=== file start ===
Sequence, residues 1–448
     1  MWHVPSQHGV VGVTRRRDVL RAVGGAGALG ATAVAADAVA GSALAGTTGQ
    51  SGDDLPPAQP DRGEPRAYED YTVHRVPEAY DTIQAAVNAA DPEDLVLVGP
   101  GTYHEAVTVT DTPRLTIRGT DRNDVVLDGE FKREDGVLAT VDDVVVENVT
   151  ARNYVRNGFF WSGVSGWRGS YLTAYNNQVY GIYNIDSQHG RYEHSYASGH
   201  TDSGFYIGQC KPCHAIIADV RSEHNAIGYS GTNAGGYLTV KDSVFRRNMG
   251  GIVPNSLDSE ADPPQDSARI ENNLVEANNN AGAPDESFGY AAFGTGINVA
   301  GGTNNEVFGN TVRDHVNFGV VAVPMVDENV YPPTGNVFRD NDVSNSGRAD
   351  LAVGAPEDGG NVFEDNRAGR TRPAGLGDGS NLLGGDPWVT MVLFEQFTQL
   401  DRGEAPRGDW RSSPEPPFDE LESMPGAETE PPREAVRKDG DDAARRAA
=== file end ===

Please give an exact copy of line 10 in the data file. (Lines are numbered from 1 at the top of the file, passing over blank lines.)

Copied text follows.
   401  DRGEAPRGDW RSSPEPPFDE LESMPGAETE PPREAVRKDG DDAARRAA